In our case there were regulation-size blueprints, approved by the San Miguel building department, but no complete set of drawings. So although we have an idea of what the house will look like, a myriad crucial details remain in a fog.

There is some sort of a wiring diagram but that's just some drafting boilerplate an assistant in the architect's office cranked out on his computer.

I glanced at a plumbing and drainage plan but it can't be more than a rough draft: The second bathroom layout has yet to be finalized, and nobody knows where the water line from the well will feed into our famous cistern. The architect today pointed vaguely to some place on the garage side of the house.

In the U.S., a properly built house with building permits, qualified crews and so on, would start out with blueprints that show every orifice, electrical circuit and plumbing fixture in place.

A lot of improvisation is as it should be. There's got to be enough flexibility to move a door or widen a window if, when you see it about to be built, you decide that it doesn't work.

But much on-the-fly construction in San Miguel has to be inefficient and costly.

When a two-foot-thick stone and reinforced concrete wall, separating the cistern from the mechanical room under the kitchen was built, no one thought of placing a pipe that would connect the underwater pump in the cistern with the pressure pump on the other side.

So some poor guy will have to spend the better part of a day with a hammer and chisel, pounding through the stone and concrete to make the necessary opening. More chiseling will be needed to bring in electricity.

Other guys likewise will have to spend many days making holes in the concrete foundations to bring out the plumbing from kitchen and the bathrooms to the drain line that is going in somewhere alongside the house in the direction of the septic tank, whose location is also still unclear. An electric hookup for the kitchen island? Someone will have to chip away a connecting trench and hole in the concrete floor that's already been poured.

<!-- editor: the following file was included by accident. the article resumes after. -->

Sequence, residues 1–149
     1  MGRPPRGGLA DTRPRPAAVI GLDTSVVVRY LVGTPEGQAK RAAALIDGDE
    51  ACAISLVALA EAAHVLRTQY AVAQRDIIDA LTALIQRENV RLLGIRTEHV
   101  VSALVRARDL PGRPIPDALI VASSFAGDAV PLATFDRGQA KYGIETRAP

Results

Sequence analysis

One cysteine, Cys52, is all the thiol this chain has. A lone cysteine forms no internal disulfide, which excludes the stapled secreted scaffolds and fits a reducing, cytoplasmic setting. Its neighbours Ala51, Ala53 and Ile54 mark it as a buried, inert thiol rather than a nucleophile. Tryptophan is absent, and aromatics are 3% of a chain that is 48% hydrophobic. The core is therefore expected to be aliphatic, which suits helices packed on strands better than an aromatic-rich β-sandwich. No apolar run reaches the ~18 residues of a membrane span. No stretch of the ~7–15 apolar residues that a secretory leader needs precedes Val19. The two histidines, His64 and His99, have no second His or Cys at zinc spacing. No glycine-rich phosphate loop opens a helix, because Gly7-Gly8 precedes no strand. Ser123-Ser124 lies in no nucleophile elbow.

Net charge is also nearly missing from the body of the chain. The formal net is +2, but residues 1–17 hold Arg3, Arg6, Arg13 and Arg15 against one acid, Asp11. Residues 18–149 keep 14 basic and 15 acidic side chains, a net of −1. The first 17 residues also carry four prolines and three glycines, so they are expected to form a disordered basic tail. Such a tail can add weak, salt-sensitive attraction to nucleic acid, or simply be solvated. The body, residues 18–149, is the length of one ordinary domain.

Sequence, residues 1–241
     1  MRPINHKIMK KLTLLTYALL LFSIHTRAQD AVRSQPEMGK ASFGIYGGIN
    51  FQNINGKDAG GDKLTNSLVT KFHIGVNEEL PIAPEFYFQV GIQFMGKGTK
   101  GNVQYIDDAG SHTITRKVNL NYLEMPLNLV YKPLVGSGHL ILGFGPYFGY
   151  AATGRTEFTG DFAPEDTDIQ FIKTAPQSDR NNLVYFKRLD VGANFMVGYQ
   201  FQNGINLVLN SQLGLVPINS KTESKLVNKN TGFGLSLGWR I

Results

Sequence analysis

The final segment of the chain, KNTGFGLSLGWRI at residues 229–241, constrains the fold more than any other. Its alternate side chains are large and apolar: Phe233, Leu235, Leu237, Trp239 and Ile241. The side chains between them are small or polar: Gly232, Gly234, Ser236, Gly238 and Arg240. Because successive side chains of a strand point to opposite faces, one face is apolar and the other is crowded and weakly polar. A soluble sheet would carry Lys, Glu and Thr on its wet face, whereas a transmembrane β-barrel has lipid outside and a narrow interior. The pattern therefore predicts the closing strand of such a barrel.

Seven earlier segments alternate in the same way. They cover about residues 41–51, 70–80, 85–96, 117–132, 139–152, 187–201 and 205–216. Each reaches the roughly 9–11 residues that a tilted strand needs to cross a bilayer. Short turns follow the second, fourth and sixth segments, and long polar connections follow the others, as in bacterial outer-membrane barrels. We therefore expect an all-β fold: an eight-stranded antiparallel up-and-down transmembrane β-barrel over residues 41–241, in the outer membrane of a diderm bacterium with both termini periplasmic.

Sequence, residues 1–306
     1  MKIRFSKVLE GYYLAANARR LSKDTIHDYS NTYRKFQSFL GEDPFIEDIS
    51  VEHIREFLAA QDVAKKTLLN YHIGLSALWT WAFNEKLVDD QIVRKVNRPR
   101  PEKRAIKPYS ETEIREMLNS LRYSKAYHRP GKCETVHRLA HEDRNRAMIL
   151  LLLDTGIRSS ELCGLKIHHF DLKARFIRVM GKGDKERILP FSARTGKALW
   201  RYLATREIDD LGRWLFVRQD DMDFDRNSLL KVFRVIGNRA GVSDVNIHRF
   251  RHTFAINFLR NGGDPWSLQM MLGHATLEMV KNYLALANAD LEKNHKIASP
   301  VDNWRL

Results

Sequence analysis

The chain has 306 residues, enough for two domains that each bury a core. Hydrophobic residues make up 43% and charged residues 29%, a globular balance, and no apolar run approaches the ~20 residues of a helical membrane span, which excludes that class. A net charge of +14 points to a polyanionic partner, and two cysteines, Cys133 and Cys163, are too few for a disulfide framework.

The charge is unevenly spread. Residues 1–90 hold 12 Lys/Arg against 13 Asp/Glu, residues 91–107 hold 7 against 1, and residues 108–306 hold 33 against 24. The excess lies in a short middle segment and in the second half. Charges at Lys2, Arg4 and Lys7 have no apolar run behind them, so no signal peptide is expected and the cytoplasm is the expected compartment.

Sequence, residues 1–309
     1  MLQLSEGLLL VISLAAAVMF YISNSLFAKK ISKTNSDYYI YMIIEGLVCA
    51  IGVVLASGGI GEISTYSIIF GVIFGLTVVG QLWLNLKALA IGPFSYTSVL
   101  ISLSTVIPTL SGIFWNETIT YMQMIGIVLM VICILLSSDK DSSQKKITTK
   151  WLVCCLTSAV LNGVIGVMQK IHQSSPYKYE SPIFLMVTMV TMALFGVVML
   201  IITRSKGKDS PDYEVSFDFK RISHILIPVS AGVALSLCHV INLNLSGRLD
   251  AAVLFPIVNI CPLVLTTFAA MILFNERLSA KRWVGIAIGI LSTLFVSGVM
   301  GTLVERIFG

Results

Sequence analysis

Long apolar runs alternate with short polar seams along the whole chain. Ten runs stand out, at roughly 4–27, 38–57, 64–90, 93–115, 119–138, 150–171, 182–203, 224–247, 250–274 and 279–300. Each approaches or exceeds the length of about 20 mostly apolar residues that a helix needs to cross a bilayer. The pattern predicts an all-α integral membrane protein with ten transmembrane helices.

Although this is a gross exaggeration, it feels a bit like building a house with solid walls and then cutting out holes for the windows and doors as you go along, once you figure out where you'd like to have them.

It's one way of doing construction, but wouldn't it be faster and cheaper to figure those details beforehand and build them in as you go?

What drives a lot of this inefficiency and lack of planning has to be that labor around is dirt cheap. So mistakes are cheap to fix. A hammer-and-chisel whiz will cost you only about US$2.50 an hour, so if things get bollixed up and need to be redone once or maybe twice, you don't worry about it. The whiz, who'd probably be unemployed otherwise, will be grateful for the work too.

Besides, Stew points out that there seem to be few construction standards; in effect everything is custom-made. In the U.S. you need to allow for exact holes for windows and doors that are fabricated to standard sizes. In San Miguel the size of the window is whatever you say it is, right at the building site.